I recently had the occasion to visit a Sports Medicine Doctor for a shoulder issue … the last time I had an occasion to visit this office (fortunately) was about 10 years ago. Besides all the Covid-19 related changes and protocols … the second thing that struck me was “man, this artwork is really outdated.”
Now – to be fair, I am in the art business so I probably notice these things in a more profound way than most. But, old – ugly art is still old - ugly art. It’s not that the frames were damaged or that the prints were faded – they were not. But when it comes to updates to commercial space, the fact is – finishes tend to “ugly out” before they wear out. And in this particular office – that was certainly the case.
This brings me to my point - how does a smaller medical office go about updating art without hiring a designer or spending a lot of time and money to find new art? You may be the office manager or somehow find yourself in charge of this task. Or maybe you’re just tired of looking at the same old art and want to “propose” some changes.
A great place to start is with the art that’s already on the wall – as well as the blank spaces throughout the facility that could benefit from art that is soothing and helps your patients feel more relaxed. Here are a few suggestions:
- Look at any existing art and determine if it needs to stay or go. Chances are – it needs to go because it will not fit with any updates – but, some pieces may be able to be shifted to new locations (as long as the have not totally “uglied out”).
- Once you determine that a current art piece needs to be replaced – decide if the current size is the right size. Is it too big or too small for the space. Complete the same exercise for any new art locations. Tip: if you’re not sure of the best size – measure out the space using blue or green painters tape – that will help you visualize the new art in space. Size as needed.
- Is there a theme or color scheme that needs to be prevalent in any new art piece or do you want a mix of art? Maybe some nature scenes in certain areas and colorful abstracts in others?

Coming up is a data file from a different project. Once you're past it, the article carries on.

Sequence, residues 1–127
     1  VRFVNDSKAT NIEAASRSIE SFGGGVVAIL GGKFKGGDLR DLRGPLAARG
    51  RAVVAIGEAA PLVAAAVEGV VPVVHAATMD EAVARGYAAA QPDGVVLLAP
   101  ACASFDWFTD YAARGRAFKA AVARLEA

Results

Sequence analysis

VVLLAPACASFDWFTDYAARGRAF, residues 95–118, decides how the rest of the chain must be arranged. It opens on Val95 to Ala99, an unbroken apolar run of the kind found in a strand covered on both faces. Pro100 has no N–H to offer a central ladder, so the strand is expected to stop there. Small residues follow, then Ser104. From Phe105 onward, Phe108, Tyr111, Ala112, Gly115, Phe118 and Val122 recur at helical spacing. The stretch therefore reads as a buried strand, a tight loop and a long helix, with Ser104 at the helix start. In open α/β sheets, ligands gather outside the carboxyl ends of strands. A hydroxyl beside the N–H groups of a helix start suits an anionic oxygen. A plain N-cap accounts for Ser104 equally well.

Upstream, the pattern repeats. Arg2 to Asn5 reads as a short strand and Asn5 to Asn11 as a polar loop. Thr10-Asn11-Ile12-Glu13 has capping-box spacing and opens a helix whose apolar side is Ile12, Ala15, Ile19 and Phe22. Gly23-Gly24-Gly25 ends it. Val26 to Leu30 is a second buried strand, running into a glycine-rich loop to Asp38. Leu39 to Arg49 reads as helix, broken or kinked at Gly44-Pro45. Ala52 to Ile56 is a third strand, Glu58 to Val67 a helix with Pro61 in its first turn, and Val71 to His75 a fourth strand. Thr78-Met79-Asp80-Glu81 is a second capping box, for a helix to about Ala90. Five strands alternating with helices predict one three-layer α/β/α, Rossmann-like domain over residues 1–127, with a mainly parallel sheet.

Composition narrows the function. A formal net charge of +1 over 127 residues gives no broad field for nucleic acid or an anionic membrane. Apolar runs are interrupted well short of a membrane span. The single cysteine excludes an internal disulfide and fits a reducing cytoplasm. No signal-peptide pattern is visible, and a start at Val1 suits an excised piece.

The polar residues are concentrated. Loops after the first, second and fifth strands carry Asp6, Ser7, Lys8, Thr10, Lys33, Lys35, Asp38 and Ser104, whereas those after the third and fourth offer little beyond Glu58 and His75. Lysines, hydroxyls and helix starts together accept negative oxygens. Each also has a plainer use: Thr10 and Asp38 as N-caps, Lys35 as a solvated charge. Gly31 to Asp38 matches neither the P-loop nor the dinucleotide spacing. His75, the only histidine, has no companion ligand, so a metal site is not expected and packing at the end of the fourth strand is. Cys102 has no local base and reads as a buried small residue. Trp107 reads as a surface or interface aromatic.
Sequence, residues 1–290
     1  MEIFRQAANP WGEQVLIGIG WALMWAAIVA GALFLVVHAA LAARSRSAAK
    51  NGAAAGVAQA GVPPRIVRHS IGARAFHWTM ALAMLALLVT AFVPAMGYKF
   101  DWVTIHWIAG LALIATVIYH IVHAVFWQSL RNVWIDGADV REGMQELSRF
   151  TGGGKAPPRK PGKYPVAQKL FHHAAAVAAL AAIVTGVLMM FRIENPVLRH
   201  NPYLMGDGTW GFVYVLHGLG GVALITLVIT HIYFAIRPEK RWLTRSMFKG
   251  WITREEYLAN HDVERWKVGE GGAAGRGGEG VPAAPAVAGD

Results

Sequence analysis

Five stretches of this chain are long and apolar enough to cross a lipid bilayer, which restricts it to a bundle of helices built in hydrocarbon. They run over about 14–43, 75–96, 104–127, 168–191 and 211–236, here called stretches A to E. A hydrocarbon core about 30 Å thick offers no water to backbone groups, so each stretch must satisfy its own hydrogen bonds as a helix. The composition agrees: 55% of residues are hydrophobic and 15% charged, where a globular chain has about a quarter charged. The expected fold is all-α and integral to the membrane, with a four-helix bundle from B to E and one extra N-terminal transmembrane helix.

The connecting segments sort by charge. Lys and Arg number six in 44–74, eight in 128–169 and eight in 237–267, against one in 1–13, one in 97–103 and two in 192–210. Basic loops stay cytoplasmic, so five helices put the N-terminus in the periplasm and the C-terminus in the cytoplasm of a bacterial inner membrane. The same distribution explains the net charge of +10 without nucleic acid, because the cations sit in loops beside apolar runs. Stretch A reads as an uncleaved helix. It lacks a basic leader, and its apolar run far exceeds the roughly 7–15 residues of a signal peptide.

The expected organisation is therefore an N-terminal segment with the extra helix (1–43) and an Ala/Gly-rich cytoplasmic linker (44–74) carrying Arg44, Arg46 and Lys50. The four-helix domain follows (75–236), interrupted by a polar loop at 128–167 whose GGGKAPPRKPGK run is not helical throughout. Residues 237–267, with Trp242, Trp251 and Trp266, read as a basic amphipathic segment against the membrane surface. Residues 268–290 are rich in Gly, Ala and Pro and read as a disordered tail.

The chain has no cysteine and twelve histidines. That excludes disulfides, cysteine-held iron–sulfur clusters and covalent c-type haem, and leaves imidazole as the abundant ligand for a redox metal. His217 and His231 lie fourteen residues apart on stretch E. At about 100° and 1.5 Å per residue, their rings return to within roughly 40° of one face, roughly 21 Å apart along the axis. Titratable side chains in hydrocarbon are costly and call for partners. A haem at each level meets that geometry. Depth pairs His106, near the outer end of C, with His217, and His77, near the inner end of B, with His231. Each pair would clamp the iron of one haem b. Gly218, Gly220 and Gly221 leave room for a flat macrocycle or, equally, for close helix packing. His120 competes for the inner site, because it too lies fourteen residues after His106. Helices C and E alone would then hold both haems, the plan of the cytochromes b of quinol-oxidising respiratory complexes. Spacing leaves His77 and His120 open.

Consider your mix of patients and what they might enjoy – not just your own taste.
- What type of finishes are important and appropriate for each space? For example: in exam rooms, framed prints behind glass or Acrylic art might be best because they are easy to clean. In the waiting room – Canvas Art (framed or unframed) may be best. Canvas is non-reflective so placement across from windows is not an issue. And, canvas is better at absorbing sound.
- What type of hangers are best for your situation and who’s going to hang the art? Art that uses wire hangers is never a good choice in a commercial setting – unless you want a new job duty (straighten the art today). 2 D-Rings or Security Hangers are better choices.
These are just a few thoughts that may help with your artwork decisions. Of course – feel free to visit our store at: www.healthcareart.shop for more tips and some great art selections. You can also e-mail us if you need further assistance. Taryn is our expert and she’s ready to help: Taryn@designdecorart.com
Scott Schilling is Managing Director of Design Décor Art Group. The company specializes in creating and building commercial quality art for healthcare facilities throughout the US. They serve customers from small medical offices to clinics to large hospitals and have recently opened an on-line store designed to bring affordable, curated art to smaller medical offices.